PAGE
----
Serena Williams Gets Candid About Body Positivity On British Vogue’s November Issue

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Tennis record-breaker and businesswoman Serena Williams has been named British Vogue’s November 2020 cover star.

In the new issue, the inimitable force discusses taking a break for the first time in her life, body confidence, reflecting on a career plagued by racism, how Kim Kardashian’s meme-heavy text messages kept her going through lockdown and so much more.

The sportswoman also opened up about her desire to empower other women and inspire them to chase their dreams. “In this society, women are not taught or expected to be that future leader or future CEO. The narrative has to change,” she said. “I love sticking up for people and supporting women. Being the voice that millions of people don’t have.”

Williams got candid about the struggle of returning to tennis just six months after a life-threatening birth, admitting her daughter, Olympia, has been instrumental in her own evolution in self-confidence. “How amazing that my body has been able to give me the career that I’ve had, and I’m really thankful for it. I only wish I had been thankful for it sooner,” she said.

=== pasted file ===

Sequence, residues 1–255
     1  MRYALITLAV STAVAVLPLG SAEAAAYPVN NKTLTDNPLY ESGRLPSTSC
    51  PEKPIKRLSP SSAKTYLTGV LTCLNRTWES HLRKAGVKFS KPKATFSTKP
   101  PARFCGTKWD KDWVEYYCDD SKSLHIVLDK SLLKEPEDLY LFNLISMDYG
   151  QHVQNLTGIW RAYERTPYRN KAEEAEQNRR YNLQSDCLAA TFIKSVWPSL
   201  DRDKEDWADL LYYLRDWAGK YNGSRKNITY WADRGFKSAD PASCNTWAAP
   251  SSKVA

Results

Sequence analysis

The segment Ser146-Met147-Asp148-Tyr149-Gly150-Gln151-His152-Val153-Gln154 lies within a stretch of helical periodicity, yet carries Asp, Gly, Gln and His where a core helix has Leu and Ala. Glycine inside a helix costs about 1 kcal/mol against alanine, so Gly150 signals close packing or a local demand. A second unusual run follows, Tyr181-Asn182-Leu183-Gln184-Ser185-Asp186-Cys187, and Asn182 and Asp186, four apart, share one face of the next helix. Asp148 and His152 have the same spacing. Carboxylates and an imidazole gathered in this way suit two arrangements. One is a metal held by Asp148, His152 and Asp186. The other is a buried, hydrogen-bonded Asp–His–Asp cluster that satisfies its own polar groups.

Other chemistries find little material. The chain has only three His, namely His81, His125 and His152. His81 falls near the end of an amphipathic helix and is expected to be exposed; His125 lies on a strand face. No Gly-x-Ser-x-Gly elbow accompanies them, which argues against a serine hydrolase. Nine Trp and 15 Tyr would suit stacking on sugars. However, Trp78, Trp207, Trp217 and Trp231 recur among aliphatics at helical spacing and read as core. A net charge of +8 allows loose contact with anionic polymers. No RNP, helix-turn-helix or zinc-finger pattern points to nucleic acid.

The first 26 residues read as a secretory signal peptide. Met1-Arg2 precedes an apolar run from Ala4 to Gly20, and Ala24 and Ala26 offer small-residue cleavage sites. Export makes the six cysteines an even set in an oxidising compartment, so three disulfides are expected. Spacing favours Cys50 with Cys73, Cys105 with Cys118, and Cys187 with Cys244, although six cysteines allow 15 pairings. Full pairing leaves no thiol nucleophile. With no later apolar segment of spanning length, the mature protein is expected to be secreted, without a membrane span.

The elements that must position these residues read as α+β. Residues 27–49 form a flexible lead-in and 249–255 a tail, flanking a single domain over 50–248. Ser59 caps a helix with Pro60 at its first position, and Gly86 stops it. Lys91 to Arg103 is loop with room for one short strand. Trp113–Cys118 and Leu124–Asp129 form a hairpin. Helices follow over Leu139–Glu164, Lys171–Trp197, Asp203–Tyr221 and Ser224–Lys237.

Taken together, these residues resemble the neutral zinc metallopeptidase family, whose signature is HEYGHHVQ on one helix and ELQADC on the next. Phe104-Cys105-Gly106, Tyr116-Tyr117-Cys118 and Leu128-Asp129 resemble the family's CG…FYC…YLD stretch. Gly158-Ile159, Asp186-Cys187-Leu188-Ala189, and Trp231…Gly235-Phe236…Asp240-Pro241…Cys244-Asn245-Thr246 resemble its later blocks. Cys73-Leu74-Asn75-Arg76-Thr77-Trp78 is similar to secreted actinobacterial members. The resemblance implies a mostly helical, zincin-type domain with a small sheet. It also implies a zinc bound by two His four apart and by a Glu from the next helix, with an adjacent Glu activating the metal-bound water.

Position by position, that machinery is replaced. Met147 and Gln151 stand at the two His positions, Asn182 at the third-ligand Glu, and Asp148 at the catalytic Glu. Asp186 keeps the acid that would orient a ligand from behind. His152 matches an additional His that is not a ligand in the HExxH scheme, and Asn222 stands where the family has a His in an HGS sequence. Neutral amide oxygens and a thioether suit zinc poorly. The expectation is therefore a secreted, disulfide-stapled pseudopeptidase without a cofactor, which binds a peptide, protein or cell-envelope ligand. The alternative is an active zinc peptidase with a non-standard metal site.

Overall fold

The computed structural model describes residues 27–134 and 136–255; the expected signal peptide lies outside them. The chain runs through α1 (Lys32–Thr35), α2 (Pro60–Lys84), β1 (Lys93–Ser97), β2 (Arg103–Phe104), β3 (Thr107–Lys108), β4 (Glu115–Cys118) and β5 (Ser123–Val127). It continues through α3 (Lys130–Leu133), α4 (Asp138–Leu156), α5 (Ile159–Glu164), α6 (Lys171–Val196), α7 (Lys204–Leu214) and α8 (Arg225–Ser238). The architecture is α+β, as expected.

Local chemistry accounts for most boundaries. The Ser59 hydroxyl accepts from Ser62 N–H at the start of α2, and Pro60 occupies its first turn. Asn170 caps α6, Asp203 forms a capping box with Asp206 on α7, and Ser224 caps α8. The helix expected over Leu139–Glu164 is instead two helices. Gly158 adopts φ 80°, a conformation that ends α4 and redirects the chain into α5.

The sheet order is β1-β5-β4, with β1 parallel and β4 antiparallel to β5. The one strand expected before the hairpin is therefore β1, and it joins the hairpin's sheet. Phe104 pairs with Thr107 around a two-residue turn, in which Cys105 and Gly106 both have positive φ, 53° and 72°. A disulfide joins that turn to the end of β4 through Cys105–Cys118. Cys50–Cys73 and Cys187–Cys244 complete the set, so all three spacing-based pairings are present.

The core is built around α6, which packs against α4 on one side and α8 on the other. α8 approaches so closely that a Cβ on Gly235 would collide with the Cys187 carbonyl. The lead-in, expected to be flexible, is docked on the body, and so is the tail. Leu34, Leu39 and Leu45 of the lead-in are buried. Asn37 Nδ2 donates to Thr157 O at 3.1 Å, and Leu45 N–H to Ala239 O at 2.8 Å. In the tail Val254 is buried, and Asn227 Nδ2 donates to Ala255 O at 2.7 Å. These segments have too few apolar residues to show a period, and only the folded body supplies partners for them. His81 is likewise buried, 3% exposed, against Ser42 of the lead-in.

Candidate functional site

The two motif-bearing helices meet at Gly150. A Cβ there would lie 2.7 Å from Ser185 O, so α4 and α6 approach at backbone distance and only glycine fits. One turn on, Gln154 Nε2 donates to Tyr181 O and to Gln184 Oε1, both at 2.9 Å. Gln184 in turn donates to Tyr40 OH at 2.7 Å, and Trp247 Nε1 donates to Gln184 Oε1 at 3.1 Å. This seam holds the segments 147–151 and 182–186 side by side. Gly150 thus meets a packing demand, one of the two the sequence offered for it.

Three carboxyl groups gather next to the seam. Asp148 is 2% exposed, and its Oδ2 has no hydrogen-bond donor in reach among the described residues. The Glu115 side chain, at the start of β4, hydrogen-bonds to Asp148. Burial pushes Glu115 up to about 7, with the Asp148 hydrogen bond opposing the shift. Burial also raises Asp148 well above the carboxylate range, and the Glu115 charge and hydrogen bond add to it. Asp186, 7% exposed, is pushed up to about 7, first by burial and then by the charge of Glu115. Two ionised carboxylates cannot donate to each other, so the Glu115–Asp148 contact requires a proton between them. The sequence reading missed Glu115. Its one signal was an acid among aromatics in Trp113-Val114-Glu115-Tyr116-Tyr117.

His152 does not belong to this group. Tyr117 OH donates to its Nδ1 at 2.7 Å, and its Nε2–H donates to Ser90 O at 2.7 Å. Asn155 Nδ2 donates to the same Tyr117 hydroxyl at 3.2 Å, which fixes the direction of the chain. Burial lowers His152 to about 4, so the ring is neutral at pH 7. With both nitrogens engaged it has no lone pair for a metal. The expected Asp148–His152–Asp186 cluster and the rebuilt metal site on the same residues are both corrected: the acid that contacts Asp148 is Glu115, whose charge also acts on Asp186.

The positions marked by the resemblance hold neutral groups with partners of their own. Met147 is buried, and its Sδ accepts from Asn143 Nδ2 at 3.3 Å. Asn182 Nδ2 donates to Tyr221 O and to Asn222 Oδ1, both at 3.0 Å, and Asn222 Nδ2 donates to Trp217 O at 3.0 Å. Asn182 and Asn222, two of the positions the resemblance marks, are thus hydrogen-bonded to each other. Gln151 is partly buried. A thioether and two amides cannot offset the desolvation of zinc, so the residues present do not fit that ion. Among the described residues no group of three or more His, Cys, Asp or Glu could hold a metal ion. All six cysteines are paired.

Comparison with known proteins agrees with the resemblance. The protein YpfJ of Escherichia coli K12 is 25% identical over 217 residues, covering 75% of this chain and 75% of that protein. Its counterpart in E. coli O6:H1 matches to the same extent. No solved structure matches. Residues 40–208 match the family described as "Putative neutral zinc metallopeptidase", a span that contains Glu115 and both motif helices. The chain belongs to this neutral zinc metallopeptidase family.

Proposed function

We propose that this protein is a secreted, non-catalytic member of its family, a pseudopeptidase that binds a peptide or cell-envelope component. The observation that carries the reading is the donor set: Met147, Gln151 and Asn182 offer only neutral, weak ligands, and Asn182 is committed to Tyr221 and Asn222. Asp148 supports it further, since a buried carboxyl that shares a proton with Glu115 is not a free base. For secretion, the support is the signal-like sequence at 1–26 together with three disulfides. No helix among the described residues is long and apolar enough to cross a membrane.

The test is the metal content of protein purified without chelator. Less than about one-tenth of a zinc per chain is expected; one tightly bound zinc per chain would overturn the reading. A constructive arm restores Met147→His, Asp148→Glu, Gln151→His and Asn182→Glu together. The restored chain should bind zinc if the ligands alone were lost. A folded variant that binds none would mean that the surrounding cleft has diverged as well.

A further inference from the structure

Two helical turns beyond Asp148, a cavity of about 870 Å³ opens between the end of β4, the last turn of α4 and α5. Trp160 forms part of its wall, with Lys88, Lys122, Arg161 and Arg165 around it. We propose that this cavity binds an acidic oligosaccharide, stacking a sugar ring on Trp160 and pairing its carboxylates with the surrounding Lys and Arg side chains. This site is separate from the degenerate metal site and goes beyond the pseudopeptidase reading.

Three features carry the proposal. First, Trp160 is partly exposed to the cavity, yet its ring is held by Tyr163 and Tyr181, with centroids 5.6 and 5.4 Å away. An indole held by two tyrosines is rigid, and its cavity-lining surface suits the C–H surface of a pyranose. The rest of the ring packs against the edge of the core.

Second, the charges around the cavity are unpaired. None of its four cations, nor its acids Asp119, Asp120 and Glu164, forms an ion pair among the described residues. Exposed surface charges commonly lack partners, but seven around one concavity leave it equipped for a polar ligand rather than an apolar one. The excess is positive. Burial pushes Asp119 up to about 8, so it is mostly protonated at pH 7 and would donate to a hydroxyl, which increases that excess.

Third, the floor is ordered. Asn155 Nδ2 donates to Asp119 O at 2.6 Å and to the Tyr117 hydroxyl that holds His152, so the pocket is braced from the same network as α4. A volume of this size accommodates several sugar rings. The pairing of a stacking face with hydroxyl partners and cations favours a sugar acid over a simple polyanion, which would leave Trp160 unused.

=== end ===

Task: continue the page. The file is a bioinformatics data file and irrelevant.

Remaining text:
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She also says that she often felt like her older sister, Venus Williams fit more easily into society’s beauty ideals. “When I was growing up, what was celebrated was different,” Serena Williams told the magazine.

“Venus looked more like what is really acceptable: she has incredibly long legs, she’s really, really thin. I didn’t see people on TV that looked like me, who were thick. There wasn’t positive body image. It was a different age.”

It took Williams many years to embrace and celebrate her body, and now she appreciates all that it has done for her throughout her successful run in the tennis industry.

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She further talks about how tennis has given her a global platform to speak out about injustices while noting that the Black Lives Matter movement is bringing awareness to issues that have always existed.

“Now, we as Black people have a voice – and technology has been a huge part of that,” she says. “We see things that have been hidden for years; the things that we as people have to go through. This has been happening for years. People just couldn’t pull out their phones and video it before.”

Read the full feature here.

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